Summary: What You Eat Is Your Business In What You Eat is Your Business; Radley Balko argues that the government is employing multiple means to combat obesity, such as using the media to promote an anti-obesity campaign; using health initiatives to ban junk food in schools, applying tax dollars to create more sidewalks and bike trails, demand more labeling from food companies, and pushing that same industry to be more accountable. As David pointed out all this action is “bringing [the] government between you and your waistline”. David explains that politicians have already clung to the idea. President Bush allocated millions of dollars in the federal budget for that very campaign. Schools across the country have already begun to make changes to the health options they offer on the schools campuses.
While some argued that it is the fault of food industries, and for some, fault of consumers, it can easily be resolved with two words: self-responsibility. Therefore, consumers are definitely the ones responsible for the current epidemic in this country. The first reason why consumers are responsible for America’s obesity epidemic is because consumers are the ones that choose what to eat and feed their children. There are many alternatives to fast food but most people rather not take their time to prepare for a healthier meal. In “The Battle against Fast Food Begins in Home”, author Daniel Weibtraub tries to convince parents to take a stand and fend off obesity in their homes.
I believe that David Zinczenko in his article submitted to the New York Times “Don’t Blame The Eater” makes a good case for how society should be concerned about a generation facing a lifetime of childhood obesity, Type 2 diabetes, heart diseases and other related health complications. However I find that I feel personal responsibility should be the governing factor in this matter. Mr. Zinczenko asks in his article “ Shouldn’t we know better than to eat two or more meals a day in a fast food restaurant? ” Yes we should because although specific warning labels aren’t found on fast food packaging we’ve known for years that fast food consumption on a daily basis is hazardous to your health. There’s information readily available about childhood obesity as stated in Zinczenko’s article where he notes that “Before 1994, diabetes in children was generally caused by genetic disorder-only about 5 percent of childhood cases were obesity-related, or Type 2 diabetes.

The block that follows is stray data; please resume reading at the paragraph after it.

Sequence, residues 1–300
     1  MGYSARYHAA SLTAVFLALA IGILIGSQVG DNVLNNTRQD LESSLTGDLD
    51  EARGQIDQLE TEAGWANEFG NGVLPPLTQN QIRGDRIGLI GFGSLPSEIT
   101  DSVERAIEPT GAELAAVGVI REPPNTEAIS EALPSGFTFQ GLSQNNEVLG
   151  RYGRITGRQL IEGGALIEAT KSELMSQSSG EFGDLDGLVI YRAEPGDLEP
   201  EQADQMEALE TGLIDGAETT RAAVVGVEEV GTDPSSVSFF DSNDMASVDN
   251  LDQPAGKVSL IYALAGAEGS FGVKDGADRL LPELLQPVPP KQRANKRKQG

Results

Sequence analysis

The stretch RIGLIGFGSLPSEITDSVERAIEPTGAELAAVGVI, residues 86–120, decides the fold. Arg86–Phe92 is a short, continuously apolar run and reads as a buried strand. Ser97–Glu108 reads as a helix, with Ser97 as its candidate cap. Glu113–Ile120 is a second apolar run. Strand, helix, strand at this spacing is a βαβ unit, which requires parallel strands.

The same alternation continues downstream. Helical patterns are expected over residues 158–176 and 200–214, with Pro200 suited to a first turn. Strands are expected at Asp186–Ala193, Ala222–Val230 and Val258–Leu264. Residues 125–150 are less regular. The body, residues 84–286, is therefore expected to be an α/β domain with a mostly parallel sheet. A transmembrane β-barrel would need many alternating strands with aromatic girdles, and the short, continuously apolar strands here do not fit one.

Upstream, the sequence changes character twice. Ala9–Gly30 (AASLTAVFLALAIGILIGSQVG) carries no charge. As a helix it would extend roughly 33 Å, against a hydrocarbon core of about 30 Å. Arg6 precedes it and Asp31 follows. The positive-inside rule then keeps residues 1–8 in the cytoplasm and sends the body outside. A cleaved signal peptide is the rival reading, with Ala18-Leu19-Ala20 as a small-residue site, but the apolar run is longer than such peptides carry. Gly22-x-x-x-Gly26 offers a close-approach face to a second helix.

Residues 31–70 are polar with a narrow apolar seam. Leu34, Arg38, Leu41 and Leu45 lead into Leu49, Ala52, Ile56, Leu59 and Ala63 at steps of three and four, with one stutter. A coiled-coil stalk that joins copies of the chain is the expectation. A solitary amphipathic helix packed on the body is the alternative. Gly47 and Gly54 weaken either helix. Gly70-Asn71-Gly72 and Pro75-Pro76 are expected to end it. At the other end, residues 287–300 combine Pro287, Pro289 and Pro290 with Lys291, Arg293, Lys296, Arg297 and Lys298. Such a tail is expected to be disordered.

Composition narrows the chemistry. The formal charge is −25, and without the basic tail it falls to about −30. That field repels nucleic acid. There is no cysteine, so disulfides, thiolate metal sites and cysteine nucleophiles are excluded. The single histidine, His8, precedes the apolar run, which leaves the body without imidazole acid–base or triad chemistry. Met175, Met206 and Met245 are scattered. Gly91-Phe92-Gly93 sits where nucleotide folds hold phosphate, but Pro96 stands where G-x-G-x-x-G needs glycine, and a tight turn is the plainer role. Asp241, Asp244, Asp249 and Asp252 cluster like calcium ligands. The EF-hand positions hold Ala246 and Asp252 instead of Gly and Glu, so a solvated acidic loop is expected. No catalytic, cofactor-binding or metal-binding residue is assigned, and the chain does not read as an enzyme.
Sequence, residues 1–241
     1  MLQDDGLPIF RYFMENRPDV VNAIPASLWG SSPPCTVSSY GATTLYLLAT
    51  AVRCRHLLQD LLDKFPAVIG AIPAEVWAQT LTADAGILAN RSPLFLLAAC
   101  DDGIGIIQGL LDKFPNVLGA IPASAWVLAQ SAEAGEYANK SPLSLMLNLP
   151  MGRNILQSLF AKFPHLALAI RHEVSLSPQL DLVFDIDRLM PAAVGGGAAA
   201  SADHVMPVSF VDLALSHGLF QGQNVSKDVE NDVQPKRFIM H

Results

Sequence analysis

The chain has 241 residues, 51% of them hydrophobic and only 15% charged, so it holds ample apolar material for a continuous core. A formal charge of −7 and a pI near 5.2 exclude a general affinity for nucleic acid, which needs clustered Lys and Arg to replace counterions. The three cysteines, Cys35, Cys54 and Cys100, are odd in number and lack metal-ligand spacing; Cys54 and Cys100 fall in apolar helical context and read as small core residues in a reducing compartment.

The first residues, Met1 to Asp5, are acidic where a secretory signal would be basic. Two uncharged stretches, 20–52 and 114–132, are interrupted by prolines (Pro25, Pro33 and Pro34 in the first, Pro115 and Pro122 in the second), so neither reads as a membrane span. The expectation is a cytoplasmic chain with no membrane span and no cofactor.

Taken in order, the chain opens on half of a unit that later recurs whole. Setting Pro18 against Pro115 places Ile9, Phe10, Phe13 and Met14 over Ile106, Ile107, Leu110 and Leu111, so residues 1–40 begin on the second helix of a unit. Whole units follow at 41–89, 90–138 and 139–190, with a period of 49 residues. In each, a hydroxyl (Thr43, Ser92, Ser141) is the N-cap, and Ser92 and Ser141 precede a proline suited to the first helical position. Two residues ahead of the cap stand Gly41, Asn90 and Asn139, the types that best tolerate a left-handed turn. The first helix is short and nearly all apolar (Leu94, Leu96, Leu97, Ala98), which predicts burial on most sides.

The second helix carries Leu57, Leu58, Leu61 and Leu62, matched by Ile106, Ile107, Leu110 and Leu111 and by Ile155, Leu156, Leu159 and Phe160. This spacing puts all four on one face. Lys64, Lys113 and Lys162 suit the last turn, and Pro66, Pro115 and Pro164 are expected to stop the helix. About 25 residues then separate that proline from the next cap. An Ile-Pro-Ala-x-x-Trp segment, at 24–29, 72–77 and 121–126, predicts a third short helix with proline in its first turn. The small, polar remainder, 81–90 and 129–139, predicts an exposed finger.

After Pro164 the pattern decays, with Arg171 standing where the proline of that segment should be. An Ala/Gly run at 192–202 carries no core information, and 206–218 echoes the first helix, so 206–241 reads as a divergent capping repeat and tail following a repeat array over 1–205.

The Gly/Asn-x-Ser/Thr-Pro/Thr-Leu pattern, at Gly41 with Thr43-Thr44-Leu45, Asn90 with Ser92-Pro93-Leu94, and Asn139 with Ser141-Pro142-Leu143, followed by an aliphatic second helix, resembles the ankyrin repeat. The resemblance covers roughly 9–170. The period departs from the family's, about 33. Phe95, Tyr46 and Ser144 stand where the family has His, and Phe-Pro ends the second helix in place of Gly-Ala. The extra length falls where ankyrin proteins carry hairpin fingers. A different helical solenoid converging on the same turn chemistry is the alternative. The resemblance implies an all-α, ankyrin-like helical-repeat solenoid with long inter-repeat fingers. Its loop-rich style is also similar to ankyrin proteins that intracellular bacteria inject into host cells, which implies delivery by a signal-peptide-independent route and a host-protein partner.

Obesity has become a serious problem in America, including children. But who is to blame? Is it the kids, fast food, or the advertisements you see on television? Daniel Weintraub, author of “The Battle Against Fast Food Begins in the Home”, states his opinion that it is the parents’ fault. I completely agree with Weintraub and believe that they should take more responsibility.
Pollan wants to know how we lost our way. For him, America reached a new level of absurdity in 2002, when the Atkins diet saw a resurgence and, almost overnight, carbohydrates became dietary villains (replacing fat as our nutritional enemy number one). Pollan hypothesizes that any culture that could change its eating habits on a dime must have some sort of eating disorder because such a thing “never would have happened in a culture in possession of deeply rooted traditions surrounding food and eating.” (2) After all, why do Americans — unlike people in most other countries in the world — rely on the government to come up with dietary goals to tell them what to eat? Why do we choose our meals on the “food pyramid” — which itself changes every few years and is often dependent more on politics than on science? Why do we pay more attention to the percentages of vitamins in our breakfast than we do to its taste, or substitute “nutrition bars” for meals?